I’ll ask you to explain one small question on your own, Dr. Wood’s favorite question: Where did the towers go? You don’t know, do you.
          __________
          I am aware that progressives on the ground have no other choice outside the Democratic Party, and sympathize. Third party movements in this land serve the interests of the major parties, and end up helping one or the other, as Nader helped Bush, not that I care. So I was not asking you about that.

          Rather I was asking something concrete: What is the good of the Democratic Party? There’s always a few perceived good heads around, but even if they are real, if they are elevated to a high position, they are crushed by the money that runs the party. (I saw this with Dennis Kucinich around the time of the health car debate – he fought a good and valient fight, and then he got on the plane with Obama. When he got off, he was intimidated and crushed. Somehow, they got to him. That always happens. A few good people in an otherwise corrupt party don’t get it done.

          You yourself say that campaign finance reform is key. But since the party is roiling in that money, are you realistically thinking that something good will happen in the party?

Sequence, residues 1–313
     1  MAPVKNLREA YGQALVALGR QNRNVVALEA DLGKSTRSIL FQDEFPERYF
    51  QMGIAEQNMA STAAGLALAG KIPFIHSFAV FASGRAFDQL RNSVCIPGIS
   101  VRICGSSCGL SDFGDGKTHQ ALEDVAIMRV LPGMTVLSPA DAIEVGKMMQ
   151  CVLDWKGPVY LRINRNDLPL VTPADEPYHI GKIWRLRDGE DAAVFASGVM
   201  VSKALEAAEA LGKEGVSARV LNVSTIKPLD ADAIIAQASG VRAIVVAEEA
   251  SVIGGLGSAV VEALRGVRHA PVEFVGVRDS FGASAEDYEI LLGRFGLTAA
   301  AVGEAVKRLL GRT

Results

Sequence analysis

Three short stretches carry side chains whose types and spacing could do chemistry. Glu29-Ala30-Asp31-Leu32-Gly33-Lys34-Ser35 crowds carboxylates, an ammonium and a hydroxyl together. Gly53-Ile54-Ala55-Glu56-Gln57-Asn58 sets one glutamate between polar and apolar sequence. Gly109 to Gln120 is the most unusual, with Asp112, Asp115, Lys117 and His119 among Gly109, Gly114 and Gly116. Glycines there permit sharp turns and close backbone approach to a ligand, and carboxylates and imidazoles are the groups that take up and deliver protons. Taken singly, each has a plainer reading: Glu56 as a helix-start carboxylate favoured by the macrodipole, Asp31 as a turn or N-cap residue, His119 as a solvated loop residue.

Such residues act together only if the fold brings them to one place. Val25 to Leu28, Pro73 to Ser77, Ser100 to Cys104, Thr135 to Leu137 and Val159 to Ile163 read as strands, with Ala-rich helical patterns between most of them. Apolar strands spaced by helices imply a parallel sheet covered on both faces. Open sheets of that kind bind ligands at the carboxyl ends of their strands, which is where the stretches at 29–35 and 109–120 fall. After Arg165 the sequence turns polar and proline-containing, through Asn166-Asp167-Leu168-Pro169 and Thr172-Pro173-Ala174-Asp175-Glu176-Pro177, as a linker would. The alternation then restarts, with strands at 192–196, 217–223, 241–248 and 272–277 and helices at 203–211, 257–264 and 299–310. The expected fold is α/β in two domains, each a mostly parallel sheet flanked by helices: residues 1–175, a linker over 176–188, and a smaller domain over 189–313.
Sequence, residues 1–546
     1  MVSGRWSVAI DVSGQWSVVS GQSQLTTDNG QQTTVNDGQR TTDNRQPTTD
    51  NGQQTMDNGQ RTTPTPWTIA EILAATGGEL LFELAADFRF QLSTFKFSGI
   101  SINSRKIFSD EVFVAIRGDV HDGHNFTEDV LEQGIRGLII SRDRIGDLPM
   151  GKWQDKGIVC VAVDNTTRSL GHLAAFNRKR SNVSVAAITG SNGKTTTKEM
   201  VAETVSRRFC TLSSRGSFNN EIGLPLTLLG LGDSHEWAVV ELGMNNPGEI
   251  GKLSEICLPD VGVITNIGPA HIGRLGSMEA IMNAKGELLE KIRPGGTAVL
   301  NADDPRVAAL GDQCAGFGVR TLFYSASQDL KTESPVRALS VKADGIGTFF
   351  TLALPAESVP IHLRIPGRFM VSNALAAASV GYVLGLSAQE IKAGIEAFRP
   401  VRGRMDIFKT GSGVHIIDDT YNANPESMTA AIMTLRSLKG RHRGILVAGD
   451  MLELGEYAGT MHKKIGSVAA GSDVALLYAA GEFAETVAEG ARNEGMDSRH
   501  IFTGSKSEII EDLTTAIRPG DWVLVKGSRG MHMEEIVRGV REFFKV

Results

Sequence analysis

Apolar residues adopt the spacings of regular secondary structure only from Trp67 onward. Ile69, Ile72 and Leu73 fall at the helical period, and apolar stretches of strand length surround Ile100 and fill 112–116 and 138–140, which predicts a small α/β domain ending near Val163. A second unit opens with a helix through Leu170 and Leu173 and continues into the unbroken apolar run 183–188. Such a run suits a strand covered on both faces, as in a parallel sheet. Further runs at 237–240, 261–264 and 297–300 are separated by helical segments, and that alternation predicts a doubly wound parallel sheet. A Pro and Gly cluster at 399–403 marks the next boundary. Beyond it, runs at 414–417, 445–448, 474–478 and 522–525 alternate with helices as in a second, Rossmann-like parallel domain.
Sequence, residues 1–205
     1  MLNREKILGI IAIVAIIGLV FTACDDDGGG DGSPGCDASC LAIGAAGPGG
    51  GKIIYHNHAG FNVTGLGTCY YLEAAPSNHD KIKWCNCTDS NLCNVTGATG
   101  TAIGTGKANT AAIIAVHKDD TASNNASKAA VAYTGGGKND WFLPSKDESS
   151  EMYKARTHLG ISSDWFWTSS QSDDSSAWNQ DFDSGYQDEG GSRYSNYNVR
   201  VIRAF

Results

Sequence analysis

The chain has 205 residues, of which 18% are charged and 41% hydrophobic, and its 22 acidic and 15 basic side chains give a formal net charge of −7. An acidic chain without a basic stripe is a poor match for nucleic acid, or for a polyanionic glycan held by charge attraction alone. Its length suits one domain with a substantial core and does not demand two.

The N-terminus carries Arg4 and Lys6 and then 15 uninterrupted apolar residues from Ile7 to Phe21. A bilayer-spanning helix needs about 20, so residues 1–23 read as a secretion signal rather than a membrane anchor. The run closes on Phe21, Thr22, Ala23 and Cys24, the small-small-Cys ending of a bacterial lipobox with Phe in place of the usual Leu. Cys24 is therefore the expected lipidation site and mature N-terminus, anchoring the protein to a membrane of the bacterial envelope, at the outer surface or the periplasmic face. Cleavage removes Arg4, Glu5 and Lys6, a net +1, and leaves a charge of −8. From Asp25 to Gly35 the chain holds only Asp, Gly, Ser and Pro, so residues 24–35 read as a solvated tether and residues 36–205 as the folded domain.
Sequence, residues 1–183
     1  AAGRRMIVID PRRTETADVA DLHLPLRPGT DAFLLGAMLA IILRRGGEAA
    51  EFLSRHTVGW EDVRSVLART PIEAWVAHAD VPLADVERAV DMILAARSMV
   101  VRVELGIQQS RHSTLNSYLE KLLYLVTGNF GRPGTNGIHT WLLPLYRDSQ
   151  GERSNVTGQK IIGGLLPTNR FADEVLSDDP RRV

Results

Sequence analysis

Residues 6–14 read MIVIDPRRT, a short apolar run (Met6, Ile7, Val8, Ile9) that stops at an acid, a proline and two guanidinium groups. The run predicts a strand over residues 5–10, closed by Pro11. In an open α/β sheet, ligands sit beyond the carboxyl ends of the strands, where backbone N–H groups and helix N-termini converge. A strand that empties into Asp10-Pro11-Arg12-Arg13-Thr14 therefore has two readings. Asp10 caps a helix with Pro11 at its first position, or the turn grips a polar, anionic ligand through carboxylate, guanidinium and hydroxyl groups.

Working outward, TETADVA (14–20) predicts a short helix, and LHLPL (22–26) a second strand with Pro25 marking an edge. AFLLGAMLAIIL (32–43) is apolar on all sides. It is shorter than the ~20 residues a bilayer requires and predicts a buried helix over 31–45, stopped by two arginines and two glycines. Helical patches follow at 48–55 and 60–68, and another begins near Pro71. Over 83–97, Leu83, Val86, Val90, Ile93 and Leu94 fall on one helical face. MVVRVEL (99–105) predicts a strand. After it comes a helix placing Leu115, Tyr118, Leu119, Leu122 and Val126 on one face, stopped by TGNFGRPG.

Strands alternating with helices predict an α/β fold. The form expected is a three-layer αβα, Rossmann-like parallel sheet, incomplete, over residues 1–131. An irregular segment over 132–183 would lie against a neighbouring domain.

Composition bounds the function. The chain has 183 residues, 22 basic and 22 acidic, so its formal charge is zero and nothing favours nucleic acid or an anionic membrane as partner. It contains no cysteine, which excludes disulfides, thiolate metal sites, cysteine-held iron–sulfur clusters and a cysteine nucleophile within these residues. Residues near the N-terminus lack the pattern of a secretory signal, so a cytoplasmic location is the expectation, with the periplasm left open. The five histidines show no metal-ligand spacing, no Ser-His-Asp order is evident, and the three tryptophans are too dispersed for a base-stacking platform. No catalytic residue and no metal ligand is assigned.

I don’t have the answer, Pete, but neither do you. We don’t live in a real democracy, so I don’t expect democratic process to work. At least I am not going through the motions.

          If you ever want to discuss the matters I raised, beyond juvenile ridicule and runnign to authority figures, I am all ears.

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        • Rob Kailey says:

          Pete, Nine One One was actually perpetrated by the Reptiloids from planet Zxclon. Or … It was done by God, punishing us for the sin of the Gay. Either explanation is as satisfactory and suits the ‘evidence’ as well as that of ‘Dr.’ Wood. A critical thinker would know that that which cannot be known cannot be interpolated to fit a pat thesis. That is a critical thinker would …